Evaggelos Alexopoulos, Ethno-cultural background, bullying and victimization among adolescents, Προσχολική & Σχολική Εκπαίδευση, 6|2018, 119-143

The purpose of this study was to investigate the relationship between ethnic-cultural background and bullying/victimization among adolescent students. In particular, the study examined how gender, ethnic-cultural background and ethnic-cultural school composition were related to bullying/victimization, as well as to its forms and the role assumed by the participants. 163 students from five ethnic-cultural groups attending two junior high schools, one with high and the other with low ethnic diversity, completed a self-report questionnaire. Data analysis revealed that boys, members of the dominant ethnic-cultural group, scored higher in bullying/victimization than girls in the same group. Furthermore, Orthodox Greek students scored lower in victimization, while Muslim Turkish students scored higher. Between the two schools, students attending the school with higher ethnic-cultural diversity scored higher in bullying and victimization. Regarding the forms of bullying/victimization, all students scored higher in verbal and indirect/social bullying, whileboys scored higher in physical bullying as well. Also, students attending the school with higher ethnic-cultural diversity had high scores in all forms of bullying/victimization. Regarding participants' role distribution, boys were less likely to be victims than girls. Orthodox Greek students were more likely to be bullies, Muslim Turkish students were both bullies and victims, while Muslim Pomak, Romany and undefined ethnic-cultural background students were more likely to be victims. Findings are discussed in terms of their pedagogical implications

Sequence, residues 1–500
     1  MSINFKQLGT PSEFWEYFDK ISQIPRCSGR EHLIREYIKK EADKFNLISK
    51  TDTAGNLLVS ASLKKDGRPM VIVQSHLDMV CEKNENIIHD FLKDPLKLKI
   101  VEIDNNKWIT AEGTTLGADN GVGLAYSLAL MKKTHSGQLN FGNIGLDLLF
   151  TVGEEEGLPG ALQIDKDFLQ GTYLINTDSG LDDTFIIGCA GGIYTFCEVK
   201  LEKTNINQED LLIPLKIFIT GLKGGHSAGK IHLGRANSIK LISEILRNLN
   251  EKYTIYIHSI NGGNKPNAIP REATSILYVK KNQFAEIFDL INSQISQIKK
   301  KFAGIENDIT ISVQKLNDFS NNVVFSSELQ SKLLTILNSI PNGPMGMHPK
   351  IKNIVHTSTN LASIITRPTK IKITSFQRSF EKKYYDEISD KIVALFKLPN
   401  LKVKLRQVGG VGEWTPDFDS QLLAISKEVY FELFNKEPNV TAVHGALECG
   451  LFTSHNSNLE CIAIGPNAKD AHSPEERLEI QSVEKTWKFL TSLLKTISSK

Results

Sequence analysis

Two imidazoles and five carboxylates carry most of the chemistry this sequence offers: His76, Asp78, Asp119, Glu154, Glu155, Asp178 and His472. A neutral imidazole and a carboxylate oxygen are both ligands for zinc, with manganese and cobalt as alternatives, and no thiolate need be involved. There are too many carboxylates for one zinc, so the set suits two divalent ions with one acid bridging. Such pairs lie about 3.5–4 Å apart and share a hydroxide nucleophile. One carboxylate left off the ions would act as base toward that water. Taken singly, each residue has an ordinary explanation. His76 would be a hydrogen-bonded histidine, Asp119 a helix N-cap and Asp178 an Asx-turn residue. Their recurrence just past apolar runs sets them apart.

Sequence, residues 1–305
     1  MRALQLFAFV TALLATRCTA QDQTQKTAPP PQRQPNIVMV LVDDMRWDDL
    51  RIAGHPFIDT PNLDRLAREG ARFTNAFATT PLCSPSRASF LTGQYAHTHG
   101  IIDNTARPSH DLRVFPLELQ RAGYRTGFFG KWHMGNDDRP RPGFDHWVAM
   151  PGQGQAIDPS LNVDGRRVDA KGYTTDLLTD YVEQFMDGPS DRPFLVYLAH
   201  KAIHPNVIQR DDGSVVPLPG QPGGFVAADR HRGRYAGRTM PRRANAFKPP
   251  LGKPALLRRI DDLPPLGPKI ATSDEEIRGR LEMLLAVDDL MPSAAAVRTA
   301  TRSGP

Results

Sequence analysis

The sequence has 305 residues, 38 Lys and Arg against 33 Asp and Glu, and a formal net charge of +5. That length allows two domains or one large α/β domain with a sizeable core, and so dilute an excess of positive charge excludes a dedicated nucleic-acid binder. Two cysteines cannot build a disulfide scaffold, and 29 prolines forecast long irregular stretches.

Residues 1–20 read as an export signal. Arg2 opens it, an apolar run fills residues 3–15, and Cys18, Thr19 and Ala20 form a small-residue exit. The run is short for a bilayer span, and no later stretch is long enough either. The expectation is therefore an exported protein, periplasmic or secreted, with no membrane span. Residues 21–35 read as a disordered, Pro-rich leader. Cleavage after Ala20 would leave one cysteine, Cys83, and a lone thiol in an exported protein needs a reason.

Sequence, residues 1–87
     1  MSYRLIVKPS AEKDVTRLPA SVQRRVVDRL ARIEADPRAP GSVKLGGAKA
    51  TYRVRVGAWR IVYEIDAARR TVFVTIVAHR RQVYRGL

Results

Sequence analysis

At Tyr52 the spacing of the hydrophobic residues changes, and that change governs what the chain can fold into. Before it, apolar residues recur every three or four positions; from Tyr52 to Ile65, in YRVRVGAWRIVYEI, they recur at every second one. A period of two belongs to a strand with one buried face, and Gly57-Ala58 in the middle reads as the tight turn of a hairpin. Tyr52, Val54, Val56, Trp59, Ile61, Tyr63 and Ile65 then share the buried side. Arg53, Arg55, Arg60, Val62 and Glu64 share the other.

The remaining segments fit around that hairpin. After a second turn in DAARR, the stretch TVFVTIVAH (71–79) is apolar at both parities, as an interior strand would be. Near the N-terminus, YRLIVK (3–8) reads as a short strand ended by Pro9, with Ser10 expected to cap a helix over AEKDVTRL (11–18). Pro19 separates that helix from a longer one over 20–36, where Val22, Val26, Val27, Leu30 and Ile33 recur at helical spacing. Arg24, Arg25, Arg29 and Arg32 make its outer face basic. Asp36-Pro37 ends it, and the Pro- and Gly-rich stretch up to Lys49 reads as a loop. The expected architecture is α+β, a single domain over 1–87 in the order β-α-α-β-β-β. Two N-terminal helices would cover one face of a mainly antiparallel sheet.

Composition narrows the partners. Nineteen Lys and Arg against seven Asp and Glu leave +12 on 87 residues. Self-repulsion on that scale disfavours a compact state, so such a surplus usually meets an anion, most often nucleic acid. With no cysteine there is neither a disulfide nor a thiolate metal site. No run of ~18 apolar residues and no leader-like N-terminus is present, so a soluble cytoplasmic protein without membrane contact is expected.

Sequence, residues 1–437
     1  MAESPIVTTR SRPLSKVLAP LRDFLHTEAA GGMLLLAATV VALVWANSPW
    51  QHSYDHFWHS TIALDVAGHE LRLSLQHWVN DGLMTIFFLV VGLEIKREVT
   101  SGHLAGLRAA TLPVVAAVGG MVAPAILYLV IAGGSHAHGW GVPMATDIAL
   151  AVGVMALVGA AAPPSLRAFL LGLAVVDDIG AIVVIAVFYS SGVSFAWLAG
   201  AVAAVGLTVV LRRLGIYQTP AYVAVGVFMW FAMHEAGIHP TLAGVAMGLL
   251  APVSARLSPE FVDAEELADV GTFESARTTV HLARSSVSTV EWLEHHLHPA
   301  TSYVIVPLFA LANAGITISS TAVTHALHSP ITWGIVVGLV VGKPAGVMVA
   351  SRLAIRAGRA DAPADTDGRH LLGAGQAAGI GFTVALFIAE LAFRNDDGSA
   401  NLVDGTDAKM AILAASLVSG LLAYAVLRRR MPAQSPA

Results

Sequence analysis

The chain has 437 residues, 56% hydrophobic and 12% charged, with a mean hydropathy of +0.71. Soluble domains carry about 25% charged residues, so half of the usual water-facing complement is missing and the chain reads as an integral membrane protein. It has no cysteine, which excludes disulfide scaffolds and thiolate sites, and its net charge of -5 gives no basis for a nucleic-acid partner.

Ακολουθήστε το ΕΚΤ: